WASHINGTON—Ottawa plans to lift a requirement of negative COVID-19 test results for travellers who have been out of the country for less than 72 hours, the Star has learned.

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WASHINGTON—Ottawa plans to lift a requirement of negative COVID-19 test results for travellers who have been out of the country for less than 72 hours, the Star has learned.

The revised policy will be introduced in phases — first to Canadians, then Americans, and eventually to citizens of other countries — according to a source in the Prime Minister’s Office.

Speaking in Washington on Wednesday evening, Prime Minister Justin Trudeau stopped short of confirming the news, but said his government was “looking at making steps to loosen up requirements while at the same time keeping Canadians safe. We will have an announcement to make in the coming days.”

Trudeau spoke shortly after his meeting with members of the U.S. Congress, many of whom have been calling on him to ease the testing requirement.

Travellers arriving in Canada from abroad are currently required to show proof of a negative result from a COVID-19 test taken within 72 hours of their arrival. The result must be from a polymerase chain reaction or PCR test, rather than from quicker and less expensive rapid antigen tests that are much more widely available.

Congressman Brian Higgins, the chair of the U.S. Congressional Northern Border Caucus, said he’d been informed of the plan to loosen the border-crossing requirement during a meeting with Trudeau earlier in the day on Capitol Hill.

“I was encouraged by today’s meeting that testing requirements on vaccinated Americans will soon be addressed,” Higgins said in a written statement. “I hope that discussions this week can produce a more cohesive policy strategy between the U.S. and Canada on this and other matters.”

The first phase of the change in COVID-19 testing policy at the border is expected to be formally announced Friday, and to come into effect at the end of the month.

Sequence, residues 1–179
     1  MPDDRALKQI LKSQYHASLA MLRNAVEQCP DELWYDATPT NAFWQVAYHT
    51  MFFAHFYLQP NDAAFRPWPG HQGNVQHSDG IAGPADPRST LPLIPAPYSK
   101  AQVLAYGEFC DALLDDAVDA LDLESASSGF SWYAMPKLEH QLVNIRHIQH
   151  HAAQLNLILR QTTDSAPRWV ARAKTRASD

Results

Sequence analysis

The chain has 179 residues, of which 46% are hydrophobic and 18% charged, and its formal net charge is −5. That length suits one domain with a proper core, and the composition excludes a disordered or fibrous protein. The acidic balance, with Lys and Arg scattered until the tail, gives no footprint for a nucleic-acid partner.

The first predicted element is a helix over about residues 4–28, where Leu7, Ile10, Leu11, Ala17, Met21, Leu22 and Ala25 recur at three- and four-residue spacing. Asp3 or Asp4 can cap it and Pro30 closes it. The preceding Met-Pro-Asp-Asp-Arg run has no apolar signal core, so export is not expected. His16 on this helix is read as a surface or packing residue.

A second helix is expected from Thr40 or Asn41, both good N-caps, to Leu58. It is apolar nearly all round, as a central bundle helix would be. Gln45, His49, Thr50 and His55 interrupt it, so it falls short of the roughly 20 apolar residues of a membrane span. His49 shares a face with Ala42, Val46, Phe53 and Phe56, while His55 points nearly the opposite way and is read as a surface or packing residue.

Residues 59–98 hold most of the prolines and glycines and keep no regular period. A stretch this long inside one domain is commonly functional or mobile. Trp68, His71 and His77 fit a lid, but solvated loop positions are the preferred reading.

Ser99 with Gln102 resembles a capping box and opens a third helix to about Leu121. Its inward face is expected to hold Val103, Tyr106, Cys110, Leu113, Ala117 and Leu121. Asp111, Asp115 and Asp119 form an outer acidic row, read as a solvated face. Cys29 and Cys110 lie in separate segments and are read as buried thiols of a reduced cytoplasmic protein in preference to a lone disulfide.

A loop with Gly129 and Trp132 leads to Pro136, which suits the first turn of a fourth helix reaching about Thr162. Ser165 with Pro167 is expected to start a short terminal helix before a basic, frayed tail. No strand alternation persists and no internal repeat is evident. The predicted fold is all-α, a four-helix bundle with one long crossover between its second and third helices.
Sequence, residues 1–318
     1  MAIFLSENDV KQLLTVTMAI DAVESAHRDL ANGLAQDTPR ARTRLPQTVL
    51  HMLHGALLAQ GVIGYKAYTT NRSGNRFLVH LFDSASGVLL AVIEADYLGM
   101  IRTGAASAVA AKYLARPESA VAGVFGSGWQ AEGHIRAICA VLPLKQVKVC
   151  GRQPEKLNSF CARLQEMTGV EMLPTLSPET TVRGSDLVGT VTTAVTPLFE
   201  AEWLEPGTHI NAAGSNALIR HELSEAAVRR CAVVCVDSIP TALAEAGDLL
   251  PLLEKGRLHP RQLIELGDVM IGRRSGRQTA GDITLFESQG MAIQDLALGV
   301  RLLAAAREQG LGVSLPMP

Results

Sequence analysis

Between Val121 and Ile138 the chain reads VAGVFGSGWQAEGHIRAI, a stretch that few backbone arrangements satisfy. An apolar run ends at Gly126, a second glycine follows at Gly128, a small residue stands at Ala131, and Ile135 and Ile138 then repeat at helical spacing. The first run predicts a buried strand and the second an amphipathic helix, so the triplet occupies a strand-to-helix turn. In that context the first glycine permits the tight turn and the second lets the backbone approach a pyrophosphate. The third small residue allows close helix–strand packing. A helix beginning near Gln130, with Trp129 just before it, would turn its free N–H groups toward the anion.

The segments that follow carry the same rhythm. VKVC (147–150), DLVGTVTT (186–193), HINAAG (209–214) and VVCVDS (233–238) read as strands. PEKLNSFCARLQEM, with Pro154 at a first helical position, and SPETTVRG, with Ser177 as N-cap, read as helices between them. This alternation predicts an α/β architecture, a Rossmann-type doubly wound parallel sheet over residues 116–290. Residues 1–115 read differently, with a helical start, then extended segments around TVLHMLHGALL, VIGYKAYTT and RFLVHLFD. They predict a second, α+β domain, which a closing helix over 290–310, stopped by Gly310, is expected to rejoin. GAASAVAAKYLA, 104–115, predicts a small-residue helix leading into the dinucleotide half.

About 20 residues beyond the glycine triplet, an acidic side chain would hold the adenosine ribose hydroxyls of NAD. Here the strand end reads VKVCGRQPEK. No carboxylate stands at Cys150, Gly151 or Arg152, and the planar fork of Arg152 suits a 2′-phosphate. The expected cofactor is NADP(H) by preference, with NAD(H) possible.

Trudeau is in Washington for a “three amigos” summit on Thursday with President Joe Biden and Mexican President Andrés Manuel López Obrador at the White House.

Trudeau’s priorities at the summit include fighting trade protectionism, and the border testing issue has been a priority for some members of Congress whose support he will need if Canada is to get around proposed “Buy American” restrictions on car subsidies.

The Canadian requirement of negative PCR test results for those making short trips has been controversial, with critics charging that the 72-hour window made them essentially meaningless.

They noted that it was possible for a Canadian to take a test before departing for the United States, then return to Canada using a negative result that did not reflect any potential exposure to COVID-19 that the traveller may have had in the U.S.

A co-chair of Canada’s advisory board on COVID-19 testing and screening was among those who acknowledged that such testing was of limited value.

“Even if we were going to require tests from these travellers, a test taken in Canada before the trip even starts would not be helpful,” Dr. Irfan Dhalla told The Canadian Press.

Last week, Canada’s chief public health officer said changing the PCR test requirement was “actively being looked at” by her office. “We are looking at that quite carefully,” Dr. Theresa Tam said.

With files from Susan Delacourt

Edward Keenan is the Star’s Washington Bureau chief. He covers U.S. politics and current affairs. Reach him via email: ekeenan@thestar.ca